“We have a delay of funds directed to the district level. Sometimes we lack enough funding from central government. As a result we fail to pay staff their financial claims such as extra duty allowance and subsistence allowance for the newly employed staff.” (Administrator 2).

Other concerns reported by informants were being neglected and lack of care in time of need, especially when a health worker is sick, an act that could lead to diminished staff morale.

The difficult working environment with a shortage of drugs and supplies, unreliable source of light and clean water, lack of mentorship for junior staff and working extra hours uncompensated were reported to demotivate health workers and compromise their role of providing quality maternal care.

Insecure and unsatisfactory living conditions

Interviewees were dissatisfied by current living conditions, expressing their concerns over lack of decent housing with no social services such as water and electricity. Other informants were concerned about lack of good education for their children as most of the schools found in the village lack teachers risking future academic achievements of their children. One informant commented this way:

“There are no houses here for workers. Not even good houses to rent. The house that I am staying in now, I just live there because there is no alternative. Apart from that, this is not a good environment for my child’s education. No good school here.” (Nurse, Dispensary D).

Furthermore, some informants reported to living far from their working place, endangering their security especially when called to conduct delivery during the night.

“It is four years since this facility started to operate but still there is no housing for the staff. I stay in a house very far from here; I cannot provide service for mothers during night. How will you go such distance? What if you get beaten on the way?” (Nurse, Dispensary H).

The presence of decent housing for staff was perceived by some informants as a symbol of being respected and acknowledged for their valuable service to the community. Lack of houses for staffs was also considered to be one of the reasons some health workers quit and decided not to stay or decided to go and work in other districts where they will find a good living environment.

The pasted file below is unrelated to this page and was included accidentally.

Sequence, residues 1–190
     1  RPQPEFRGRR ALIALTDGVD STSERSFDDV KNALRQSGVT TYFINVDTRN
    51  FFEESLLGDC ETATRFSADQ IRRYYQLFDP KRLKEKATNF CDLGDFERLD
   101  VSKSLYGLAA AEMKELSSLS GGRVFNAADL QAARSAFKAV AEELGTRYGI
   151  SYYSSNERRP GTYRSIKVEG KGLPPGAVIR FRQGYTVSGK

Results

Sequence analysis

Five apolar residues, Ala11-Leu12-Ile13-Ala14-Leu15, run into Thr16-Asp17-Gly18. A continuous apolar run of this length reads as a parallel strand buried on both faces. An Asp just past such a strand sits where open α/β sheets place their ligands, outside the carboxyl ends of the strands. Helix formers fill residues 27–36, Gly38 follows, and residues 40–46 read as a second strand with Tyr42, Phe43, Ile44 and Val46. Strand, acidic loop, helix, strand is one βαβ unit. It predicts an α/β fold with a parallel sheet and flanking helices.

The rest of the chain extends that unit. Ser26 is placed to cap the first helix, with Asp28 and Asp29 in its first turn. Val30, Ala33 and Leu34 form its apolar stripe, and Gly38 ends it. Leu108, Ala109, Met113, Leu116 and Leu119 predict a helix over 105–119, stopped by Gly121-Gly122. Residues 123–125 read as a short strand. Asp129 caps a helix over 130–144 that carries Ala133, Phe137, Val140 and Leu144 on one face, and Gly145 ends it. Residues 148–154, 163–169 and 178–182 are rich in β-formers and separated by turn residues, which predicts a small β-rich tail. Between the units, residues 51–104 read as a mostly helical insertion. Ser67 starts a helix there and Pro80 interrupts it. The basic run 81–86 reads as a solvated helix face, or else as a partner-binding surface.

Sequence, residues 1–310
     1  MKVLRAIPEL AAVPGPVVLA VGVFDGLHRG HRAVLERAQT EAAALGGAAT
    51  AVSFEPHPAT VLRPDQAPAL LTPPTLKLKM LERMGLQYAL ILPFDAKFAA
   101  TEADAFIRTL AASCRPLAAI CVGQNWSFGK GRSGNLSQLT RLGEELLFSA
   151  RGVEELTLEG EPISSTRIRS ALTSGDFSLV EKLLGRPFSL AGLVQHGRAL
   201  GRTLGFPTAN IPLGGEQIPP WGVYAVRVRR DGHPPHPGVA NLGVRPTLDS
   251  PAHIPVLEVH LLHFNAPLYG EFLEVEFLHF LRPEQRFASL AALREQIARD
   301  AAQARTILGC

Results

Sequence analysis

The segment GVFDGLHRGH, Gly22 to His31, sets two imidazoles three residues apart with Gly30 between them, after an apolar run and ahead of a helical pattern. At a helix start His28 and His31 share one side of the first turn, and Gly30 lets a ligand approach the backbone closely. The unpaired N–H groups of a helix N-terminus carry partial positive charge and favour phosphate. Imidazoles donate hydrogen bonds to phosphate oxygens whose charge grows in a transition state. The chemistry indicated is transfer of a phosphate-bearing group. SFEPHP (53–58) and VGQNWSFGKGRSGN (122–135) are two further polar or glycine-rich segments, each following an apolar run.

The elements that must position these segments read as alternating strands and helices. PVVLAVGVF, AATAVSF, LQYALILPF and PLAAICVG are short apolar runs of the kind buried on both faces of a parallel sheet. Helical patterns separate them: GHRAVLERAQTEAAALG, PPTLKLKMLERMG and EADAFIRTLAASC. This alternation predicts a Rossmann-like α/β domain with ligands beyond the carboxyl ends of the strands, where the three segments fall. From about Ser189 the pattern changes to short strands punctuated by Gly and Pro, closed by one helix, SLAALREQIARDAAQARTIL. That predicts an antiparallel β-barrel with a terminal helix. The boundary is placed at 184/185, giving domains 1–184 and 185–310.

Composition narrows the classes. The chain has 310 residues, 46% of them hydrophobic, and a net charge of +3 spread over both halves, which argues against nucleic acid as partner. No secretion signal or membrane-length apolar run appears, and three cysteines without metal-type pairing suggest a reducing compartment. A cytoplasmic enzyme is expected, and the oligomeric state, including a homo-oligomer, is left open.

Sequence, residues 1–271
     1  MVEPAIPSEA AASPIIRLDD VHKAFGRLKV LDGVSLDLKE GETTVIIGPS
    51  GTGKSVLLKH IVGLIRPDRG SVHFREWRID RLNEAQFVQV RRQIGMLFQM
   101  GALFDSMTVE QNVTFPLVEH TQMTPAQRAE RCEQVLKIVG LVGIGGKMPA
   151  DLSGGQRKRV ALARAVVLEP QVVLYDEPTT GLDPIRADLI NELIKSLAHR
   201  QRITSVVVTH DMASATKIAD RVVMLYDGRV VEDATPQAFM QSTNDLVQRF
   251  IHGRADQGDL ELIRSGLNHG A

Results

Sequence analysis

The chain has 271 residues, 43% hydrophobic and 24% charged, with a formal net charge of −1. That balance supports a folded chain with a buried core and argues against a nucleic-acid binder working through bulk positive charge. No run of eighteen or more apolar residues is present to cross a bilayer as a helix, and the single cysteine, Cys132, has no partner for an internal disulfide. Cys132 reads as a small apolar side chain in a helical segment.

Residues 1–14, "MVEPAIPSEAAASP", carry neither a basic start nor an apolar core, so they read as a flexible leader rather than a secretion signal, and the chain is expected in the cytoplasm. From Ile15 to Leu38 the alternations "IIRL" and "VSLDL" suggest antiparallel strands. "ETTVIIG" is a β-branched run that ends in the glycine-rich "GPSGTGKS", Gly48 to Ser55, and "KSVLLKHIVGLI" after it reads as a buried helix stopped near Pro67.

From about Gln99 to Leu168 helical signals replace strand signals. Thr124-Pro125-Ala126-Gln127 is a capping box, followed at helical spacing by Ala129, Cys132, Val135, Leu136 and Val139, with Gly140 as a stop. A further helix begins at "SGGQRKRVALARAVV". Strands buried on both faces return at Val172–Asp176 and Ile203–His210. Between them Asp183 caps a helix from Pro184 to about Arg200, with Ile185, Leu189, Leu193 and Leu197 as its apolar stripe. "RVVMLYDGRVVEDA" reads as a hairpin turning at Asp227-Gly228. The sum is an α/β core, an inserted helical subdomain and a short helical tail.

“Health workers they normally come to our district and go to the village when posted; nurse and, clinical officers, they all go. The issue is, when they arrive there and see the situation, especially the houses, they compare to where they are coming from, and they decide to leave.” (Administrator 2).

Poor living conditions seemed to affect health workers’ concentration to service provision. One informant described how he worries when it rains because of the poor condition of the house he lives:

“Once government employs you, it forgets you especially when it comes to housing. The house I live in now, when it rains and I am at work, I start to think about what is going to happen, because it can wet my mattress; the roof is not good. I shift my concentration from the patient to what might be happening at home.” (Nurse, Dispensary H).

It was noted from the reviewed document that the role of building houses for staff is the responsibility of the LGA and that the councillors (local politicians) should ensure that the staff houses are ready before the staff is brought to the facility. However, the demand for service by the community and influence of local politicians pushes the district health managers to send staff to the newly built health facility without prior preparation of good housing where they can live. One administrator argued the need to prepare and provide good living conditions for staff as a retention strategy.

“One way to improve retention of our health workers in remote areas is to arrange prior for their housing and subsistence allowance. We need to have a good preparatory phase, housing with furniture. In fact, housing for staff should be built at the same time with the health facility and should be within the same compound.” (Administrator 3).

Lack of decent housing, insecurity and unreliable social services such as water and electricity were reported to affect health workers’ social life as well as attraction and retention of health workers to the district.

Bureaucratic and irresponsible system in dealing with health workers’ claims

Discussions with administrators at the district medical officer’s (DMO) office revealed a number of actors responsible for dealing with staff affairs especially those related to financial claims. While at the facility level, the manager in charge of the facility is the one to approve any staff claims or letters; at the district level, any claims or letters have to go through the DMO’s office before it is sent to the employer, the District Executive Director’s office. Health workers interviewed viewed this process as long and complex, leading to an unnecessary delay in receiving timely feedback to their claims.

Informants also reported on unfairness and lack of transparency in processing payment of their entitled allowances, pointing out that often payment is done to seniors excluding juniors, and those at the remote facilities are unpaid without any explanation. One informant reported this as follows:

“There is unfairness in payment of the money we claim. We claim a lot of money, but we are not given at all. There is discrimination at the district administration, while others get their claims, others like me are not and we don’t understand why”. (Nurse, Hospital).